Textbook information REQUIRED TEXTS Aleksandr Pushkin, Eugene Onegin (Dana Point: Ardis, 1993) Mikhail Lermontov, A Hero of Our Time (Dana Point: Ardis, 1988) Ivan Turgenev, Fathers and Sons (New York: Norton, 1994) Leo Tolstoy, War and Peace (Oxford: World's Classics Ser., Oxford UP, 1991) Fyodor Dostoevsky, Crime and Punishment (New York: Norton, 1989) Coursepack from Accu-Copy.

Check Times, Location, and Availability Cost: No Data Given. Waitlist Code: No Data Given.

RUSSIAN 351. Introduction to Russian Literature.

Russian Literature in Russian

Section 001 Taught In Russian.

Instructor(s): Michael Makin (mlmakin@umich.edu)

Prerequisites & Distribution: Russian 202 or 203. Taught in Russian. (3). (Excl).

Credits: (3).

Course Homepage: No homepage submitted.

This course is an introduction to Russian prose. Classes, readings, and writing assignments are in Russian. The principal requirements are: weekly journals, three essays, and three one-hour, in-class examinations. Class discussion is encouraged. The course increases vocabulary, reading speed, and written and oral fluency, while developing literary-analytical skills.

Check Times, Location, and Availability Cost: No Data Given. Waitlist Code: No Data Given.

RUSSIAN 355. Supervised Reading of Russian Literature.

Literature

Instructor(s):

Prerequisites & Distribution: Permission of instructor. (1-4). (Excl). (INDEPENDENT). May be elected for credit twice.

Credits: (1-4).

Course Homepage: No homepage submitted.

Students develop a term-long reading and writing project on a topic or topics in Russian literary or linguistic studies, in consultation with a member of the faculty. Readings may include substantial amounts of Russian. Weekly meetings with the supervisor may be conducted in English or Russian. Writing assignments made according to the number of credits elected, but must correspond to writing expectations of upper-level department courses.

Check Times, Location, and Availability Cost: No Data Given. Waitlist Code: 5, Permission of instructor

RUSSIAN 401. Fourth-Year Russian.

Language

Instructor(s): Snejana J Tempest (tempest@umich.edu)

Prerequisites & Distribution: Russian 302 or 303. No credit granted to those who have completed or are enrolled in 403. (4). (Excl).

Credits: (4).

Course Homepage: No homepage submitted.

Russian 401 is offered during the Fall Term and Russian 402 is offered during the Winter Term of every academic year. Prerequisites: three years of Russian (minimum). Classwork, homework, and labwork include: grammar and word formation; reading and listening (films and TV news included); discussions; oral reports and compositions. Bi-weekly grammar tests and final oral presentation. Textbook: Let's Talk About Life! by Emily Tall and Valentina Vlasikova; cost is $42.00 and covers two terms.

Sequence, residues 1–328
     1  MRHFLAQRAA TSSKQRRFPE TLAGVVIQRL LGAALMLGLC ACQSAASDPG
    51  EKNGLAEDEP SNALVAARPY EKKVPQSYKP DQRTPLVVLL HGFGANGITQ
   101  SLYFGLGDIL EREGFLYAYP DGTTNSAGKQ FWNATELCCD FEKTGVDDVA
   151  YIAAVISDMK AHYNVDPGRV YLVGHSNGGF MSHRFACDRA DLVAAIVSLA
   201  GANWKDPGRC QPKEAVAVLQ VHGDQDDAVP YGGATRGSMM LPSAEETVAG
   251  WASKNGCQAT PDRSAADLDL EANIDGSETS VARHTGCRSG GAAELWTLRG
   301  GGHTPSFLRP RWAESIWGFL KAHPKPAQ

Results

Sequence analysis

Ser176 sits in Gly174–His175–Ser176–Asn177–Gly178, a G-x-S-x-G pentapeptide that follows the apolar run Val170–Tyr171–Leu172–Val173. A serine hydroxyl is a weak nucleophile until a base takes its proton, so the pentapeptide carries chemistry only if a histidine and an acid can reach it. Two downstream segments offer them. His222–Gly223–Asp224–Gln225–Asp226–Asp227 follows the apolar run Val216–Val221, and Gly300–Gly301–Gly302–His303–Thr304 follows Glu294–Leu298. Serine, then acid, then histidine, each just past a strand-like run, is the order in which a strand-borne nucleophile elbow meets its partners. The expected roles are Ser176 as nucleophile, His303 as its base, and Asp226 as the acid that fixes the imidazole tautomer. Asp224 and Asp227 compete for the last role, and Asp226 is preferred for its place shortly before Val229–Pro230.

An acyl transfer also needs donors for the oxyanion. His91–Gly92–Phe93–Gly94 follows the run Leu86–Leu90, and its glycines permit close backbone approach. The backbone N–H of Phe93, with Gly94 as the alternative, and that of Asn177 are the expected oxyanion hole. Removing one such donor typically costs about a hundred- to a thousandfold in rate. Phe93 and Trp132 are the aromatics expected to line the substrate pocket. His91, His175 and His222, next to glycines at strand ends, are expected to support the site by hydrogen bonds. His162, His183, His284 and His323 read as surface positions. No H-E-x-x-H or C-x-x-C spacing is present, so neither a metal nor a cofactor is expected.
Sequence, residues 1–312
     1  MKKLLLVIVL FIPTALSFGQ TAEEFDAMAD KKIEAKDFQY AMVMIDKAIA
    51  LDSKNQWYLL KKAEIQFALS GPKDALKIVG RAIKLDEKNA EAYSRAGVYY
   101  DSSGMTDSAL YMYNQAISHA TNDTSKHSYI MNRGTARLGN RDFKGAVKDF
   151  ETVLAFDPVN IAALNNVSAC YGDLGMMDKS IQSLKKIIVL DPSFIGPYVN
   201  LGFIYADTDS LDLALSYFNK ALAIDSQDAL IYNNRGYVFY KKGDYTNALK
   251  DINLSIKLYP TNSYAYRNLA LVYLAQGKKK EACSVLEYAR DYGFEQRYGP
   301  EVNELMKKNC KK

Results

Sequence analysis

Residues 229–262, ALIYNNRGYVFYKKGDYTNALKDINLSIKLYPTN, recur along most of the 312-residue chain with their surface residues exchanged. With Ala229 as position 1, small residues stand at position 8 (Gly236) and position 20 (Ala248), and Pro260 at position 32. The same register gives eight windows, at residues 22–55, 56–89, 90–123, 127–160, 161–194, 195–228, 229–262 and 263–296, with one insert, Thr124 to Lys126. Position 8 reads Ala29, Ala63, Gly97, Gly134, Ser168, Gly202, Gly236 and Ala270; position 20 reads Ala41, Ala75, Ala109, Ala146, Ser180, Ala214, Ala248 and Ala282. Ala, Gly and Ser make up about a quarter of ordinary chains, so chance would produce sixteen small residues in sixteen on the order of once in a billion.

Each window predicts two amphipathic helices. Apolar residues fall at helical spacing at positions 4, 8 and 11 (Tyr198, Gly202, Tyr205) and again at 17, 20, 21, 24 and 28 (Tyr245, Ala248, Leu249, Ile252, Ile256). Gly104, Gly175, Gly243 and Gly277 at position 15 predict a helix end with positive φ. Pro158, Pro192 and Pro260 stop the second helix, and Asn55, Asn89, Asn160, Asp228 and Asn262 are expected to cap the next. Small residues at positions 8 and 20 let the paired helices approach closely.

Check Times, Location, and Availability Cost: No Data Given. Waitlist Code: No Data Given.

RUSSIAN 413. Business Russian.

Language

Section 001.

Instructor(s): Vitalij V Shevoroshkin (vvs@umich.edu)

Prerequisites & Distribution: Russian 302 or 303. (3). (Excl).

Credits: (3; 4 in the half-term).

Course Homepage: No homepage submitted.

This course is planned for advanced Russian students (3rd year and above) who are oriented toward economics or business. In particular this would target seniors seeking experience in international business and graduate students in the Center for Russian and East European Studies Master's Degree program (or in various departments, who either wish to pursue employment opportunities in business or government or who wish to get a Ph.D. in economics, political science, or history). The course will focus upon the vocabulary and locations of commercial Russian, both oral and written. Students will be expected to learn format and jargon for various types of business communication. No final examination.

Check Times, Location, and Availability Cost: No Data Given. Waitlist Code: No Data Given.

RUSSIAN 449. Twentieth-Century Russian Literature.

Literature

Section 001 Historical Survey of Russian Literature from 1890 to 1921.

Instructor(s): Omry Ronen (omronen@umich.edu)

Prerequisites & Distribution: A knowledge of Russian is not required. (3). (Excl).

Foreign Lit

Credits: (3).

Course Homepage: No homepage submitted.

This historical survey of Russian literature from 1890 to 1921 covers the final achievements of realism and the response to modernism in the later works of Tolstoy and Chekhov, the art of symbolism, the post-symbolic currents in poetry and prose, and the major literary events of the first post-revolutionary decade both in the USSR and in exile. The required reading includes English translations of representative poems by Solov'ev, Briusov, Bal'mont, Merezhkovsky, Hippius, Sologub, Blok, Belyi, Viacheslav Ivanov, Annensky, Kuzmin, Khodasevich, Gumilev, Akhmatova, Mandel'stam, Khlebnikov, Maiakovsky, Pasternak, Tsvetaeva, Esenin, and Kliuev. Students select their own readings in prose and drama out of an extensive list of titles ranging from Solov'ev's Three Conversations through Belyi's Petersburg to Zamiatin's We. Midterm and a final take-home examination.